Philadelphia Daily News
March 31, 2010
hinkelm@phillynews.com 215-854-2656
Authorities unsealed an indictment yesterday charging a Philadelphia international attorney with traveling overseas to have sex with an underage boy. Kenneth Schneider, 45, was arrested by Interpol in Laranca, Cyprus, on Saturday. Schneider founded the Apogee Foundation in New York in 2004. It provides scholarships and assistance to children around the world with aptitude in fine arts. He's also president and chief executive officer of a London-based media and technology-consulting group. But the indictment said Schneider had a secret life and a fondness for a Russian boy. In 1998, in Moscow, Schneider became acquainted with a husband and wife who were ballet instructors at the Moscow State Academy of Choreography and told them he would provide "assistance" to students at the academy, the indictment said. That summer the instructors introduced Schneider to a boy, identified as R.Z., a 12-year-old who had been removed from the academy because his parents could not afford it, the indictment said. Schneider offered to pay R.Z.'s board at the academy and later convinced his parents to let him live with Schneider at his apartment, only a few blocks from the academy, the indictment alleged. The indictment said Schneider engaged in a sexual relationship with R.Z. Beginning in fall 1998 and continuing until 2004. Authorities said the illicit relationship began when Schneider "groomed" R.Z. For sexual contact by touching him, kissing him and buying him gifts. They said he also pressured the boy to keep the sexual relationship secret. The relationship progressed to the point that Schneider had oral and anal sex with R.Z., according to the indictment. In summer 2001, when R.Z. Was 15, the indictment alleged, Schneider arranged for the boy to travel with him to Philadelphia to attend a summer program for ballet study at the Rock School. They returned to Moscow in August 2001 and the relationship continued, the indictment said.

Police: NJ teen sold stepsister, 7, for party sex

March 31, 2010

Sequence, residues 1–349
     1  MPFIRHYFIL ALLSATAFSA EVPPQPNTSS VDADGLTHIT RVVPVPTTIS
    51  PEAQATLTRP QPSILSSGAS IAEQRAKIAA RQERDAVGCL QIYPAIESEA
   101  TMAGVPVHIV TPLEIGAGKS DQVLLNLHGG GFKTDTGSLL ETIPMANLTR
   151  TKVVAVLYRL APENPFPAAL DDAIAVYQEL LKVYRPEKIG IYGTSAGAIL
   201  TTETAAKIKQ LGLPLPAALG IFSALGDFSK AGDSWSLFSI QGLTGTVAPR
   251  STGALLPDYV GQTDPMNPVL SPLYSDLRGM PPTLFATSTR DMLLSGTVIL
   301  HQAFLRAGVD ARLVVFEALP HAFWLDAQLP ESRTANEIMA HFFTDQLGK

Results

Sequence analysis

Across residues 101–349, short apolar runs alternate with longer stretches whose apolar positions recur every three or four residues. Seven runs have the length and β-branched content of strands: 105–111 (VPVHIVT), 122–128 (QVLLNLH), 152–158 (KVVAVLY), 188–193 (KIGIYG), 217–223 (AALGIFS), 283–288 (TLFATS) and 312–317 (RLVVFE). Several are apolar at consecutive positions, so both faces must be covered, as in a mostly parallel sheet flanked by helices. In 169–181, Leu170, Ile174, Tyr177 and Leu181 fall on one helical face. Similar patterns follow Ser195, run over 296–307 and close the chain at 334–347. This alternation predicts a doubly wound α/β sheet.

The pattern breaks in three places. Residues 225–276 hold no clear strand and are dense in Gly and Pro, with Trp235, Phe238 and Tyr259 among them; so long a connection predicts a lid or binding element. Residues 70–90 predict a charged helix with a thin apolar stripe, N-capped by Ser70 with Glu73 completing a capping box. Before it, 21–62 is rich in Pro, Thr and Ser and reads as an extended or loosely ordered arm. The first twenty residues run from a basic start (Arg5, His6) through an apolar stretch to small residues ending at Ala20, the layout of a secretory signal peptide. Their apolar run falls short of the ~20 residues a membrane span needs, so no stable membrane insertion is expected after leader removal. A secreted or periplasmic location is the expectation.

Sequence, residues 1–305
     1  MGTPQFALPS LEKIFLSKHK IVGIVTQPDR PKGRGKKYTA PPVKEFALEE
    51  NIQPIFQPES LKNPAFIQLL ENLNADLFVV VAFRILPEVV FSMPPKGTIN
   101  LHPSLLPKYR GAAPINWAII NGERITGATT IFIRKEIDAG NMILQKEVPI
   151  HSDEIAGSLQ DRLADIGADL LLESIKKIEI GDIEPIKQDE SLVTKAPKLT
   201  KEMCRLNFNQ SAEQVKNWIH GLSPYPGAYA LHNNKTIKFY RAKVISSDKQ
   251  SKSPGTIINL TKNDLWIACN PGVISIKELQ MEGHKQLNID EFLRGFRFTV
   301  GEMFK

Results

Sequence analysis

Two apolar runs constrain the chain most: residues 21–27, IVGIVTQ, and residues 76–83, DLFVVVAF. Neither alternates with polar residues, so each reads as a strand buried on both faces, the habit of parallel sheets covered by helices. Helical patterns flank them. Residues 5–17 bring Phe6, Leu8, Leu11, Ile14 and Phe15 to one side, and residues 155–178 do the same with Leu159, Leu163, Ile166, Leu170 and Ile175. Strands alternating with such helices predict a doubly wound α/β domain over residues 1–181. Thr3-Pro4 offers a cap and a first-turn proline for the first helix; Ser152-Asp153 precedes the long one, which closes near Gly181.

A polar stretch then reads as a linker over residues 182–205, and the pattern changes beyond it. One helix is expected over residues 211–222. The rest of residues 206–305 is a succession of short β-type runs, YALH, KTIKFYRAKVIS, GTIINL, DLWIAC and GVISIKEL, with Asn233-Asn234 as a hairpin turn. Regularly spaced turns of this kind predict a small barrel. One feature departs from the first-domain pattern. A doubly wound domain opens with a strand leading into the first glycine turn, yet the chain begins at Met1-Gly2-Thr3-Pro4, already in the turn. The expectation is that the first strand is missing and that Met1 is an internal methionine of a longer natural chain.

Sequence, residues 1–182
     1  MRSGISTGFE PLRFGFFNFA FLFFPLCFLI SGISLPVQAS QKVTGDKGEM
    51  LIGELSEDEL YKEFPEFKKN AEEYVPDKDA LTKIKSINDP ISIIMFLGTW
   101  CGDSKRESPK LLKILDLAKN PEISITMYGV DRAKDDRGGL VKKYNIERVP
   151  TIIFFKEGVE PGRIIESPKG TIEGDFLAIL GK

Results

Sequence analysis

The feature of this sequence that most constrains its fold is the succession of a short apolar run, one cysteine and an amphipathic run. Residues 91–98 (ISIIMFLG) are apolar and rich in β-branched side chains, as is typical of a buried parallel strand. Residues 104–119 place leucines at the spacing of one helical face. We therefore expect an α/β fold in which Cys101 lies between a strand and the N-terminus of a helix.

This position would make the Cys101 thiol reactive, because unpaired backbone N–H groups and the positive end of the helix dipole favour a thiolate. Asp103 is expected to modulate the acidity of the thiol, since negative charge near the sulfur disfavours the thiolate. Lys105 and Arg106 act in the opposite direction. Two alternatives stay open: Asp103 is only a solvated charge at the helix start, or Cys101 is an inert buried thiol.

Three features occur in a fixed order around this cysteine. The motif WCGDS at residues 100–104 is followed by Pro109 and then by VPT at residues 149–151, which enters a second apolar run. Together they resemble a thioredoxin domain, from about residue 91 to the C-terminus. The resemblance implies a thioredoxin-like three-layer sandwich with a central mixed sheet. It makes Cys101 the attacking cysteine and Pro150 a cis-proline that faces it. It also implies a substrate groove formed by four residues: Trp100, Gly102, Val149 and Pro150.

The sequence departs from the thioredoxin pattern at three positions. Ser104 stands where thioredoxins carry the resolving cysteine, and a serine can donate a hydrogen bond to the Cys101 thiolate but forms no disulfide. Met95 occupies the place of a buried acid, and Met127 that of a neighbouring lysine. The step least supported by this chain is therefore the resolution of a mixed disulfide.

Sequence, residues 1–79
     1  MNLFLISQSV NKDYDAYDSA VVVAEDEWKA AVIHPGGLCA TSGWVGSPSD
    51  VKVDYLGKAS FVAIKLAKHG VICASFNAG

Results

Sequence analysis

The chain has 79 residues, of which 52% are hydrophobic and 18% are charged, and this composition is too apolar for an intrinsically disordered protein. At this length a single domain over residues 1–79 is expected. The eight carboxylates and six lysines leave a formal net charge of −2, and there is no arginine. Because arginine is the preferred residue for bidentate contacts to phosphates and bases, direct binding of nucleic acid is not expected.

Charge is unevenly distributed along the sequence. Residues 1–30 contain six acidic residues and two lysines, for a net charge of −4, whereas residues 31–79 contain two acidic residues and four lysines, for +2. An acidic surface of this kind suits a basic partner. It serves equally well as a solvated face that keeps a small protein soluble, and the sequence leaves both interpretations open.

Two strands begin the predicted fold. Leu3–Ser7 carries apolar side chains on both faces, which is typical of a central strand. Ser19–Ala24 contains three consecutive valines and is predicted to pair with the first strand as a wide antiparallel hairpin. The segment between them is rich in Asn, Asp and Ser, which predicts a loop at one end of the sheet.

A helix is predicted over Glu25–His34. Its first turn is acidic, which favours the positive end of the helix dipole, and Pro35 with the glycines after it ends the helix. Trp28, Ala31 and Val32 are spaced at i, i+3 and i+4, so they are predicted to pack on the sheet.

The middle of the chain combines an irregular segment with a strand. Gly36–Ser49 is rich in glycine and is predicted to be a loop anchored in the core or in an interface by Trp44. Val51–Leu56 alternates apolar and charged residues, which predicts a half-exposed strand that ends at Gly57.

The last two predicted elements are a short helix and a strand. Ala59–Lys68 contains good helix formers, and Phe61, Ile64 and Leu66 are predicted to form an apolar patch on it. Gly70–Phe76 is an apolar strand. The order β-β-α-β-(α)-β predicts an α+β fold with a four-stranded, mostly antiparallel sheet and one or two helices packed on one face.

TRENTON, N.J. It started with a party invitation to a 15-year-old girl from some young men she knew. She took her 7-year-old stepsister to an apartment down the street from their home near the New Jersey Statehouse, where the girls had been hanging around outside on a Sunday afternoon. For the younger girl, police say it quickly descended into a horrifying ordeal in which she was gang-raped by as many as seven men as her sister not only watched, but got paid by those who did it. Their parents, none the wiser, thought maybe they had run away. "We're talking about a kid who told her sister to go into an apartment and let people rape her," said Trenton police Capt. Joseph Juniak. "It's unfathomable." The teen has been charged with aggravated sexual assault, promoting prostitution and other crimes. Her name was not released because of her age, but the county prosecutor plans to ask the court to try her as an adult. In the meantime, she is being held at the Mercer County Youth Detention Center. When the girls didn't return home by 4:30 Sunday afternoon, their parents called police, believing the older one had run away from home and taken her younger sister with her. In fact, they were down the street inside a 13th floor apartment at Rowan Towers, a nearby high-rise complex so dangerous that Trenton police are hired as security guards at night. "They keep it clean on the outside, but it's what's on the inside that you have to worry about," said neighbor William Johnson, who says police are coming out of the building all the time. Inside apartment 13-C, police said the 7-year-old was soon left alone as her sister headed to a back bedroom to sell sex to several men. When she came out into the living room, she handed her 7-year-old sister money and encouraged her to let the men touch her. "It went from touching to straight out assault and rape," Juniak said. "They threatened to kill her if she screamed or told anyone." Afterward, the child put on her clothes and left. Her sister stayed behind with the men. Two women found the child crying outside the apartment and walked her home, where police were waiting. The child told them what happened and was treated at a hospital. When police located the 15-year-old later that night, she also told them what happened and was arrested. Trenton Mayor Doug Palmer said the crimes are among the worst he's seen in 20 years as mayor. "It's sickening," he said. "The police are taking this personal. I know there's a place in hell for all the people that participated in this and I'm sure they will get there." "Personally, as a father with a 7-year-old daughter, I can't imagine the horror," Palmer added. Lauren Kidd, a spokeswoman for New Jersey's Children and Families department, said state and federal confidentiality laws prohibit the agency from commenting about possible prior involvement with the family. But Juniak indicated the department may have had previous contact with the older girl. Police are now scouring video surveillance from lobby and elevator cameras to try to identify everyone at the party. They believe there were about a dozen people in the apartment, mostly teenage boys and young men who police say likely broke in a fairly common occurrence in the crime-plagued neighborhood that sits in the shadow of the Statehouse's golden dome. Last week, police responded to a home invasion there and a shooting just outside the lobby. Police Director Irving Bradley Jr. Said the building's management company, Interstate Realty Management Company, has been working with police to curb the violence. "This is incredibly disturbing," said Laura Zaner, a spokeswoman for IRM. Two private security guards man the lobby doors during the day. At 5 p.m., two Trenton police officers take over. Bradley said the company is in the process of installing more cameras and had just hired a third officer to work the night shift to allow two officers to do hourly hallway patrols. He said Sunday may have been the first day they were supposed to have started the patrols. Chalia Johnkins, who lives around the corner from the Towers, said gatherings of young men are commonplace, and that police should have known something unsavory was happening. "The police who were supposed to be on patrol should be held responsible," she said. "They could have prevented this. These weren't regular guards. They were police and they still didn't see the baby crying?" Annette Lartique, the city councilwoman who represents the area where the crime occurred, said the community would expect nothing less than the prosecution of everyone involved to the fullest extent of the law. "I know we are going to send a message on this one," she said. "Everybody will pay a price from the person who opened the door to the person who pushed the elevator button."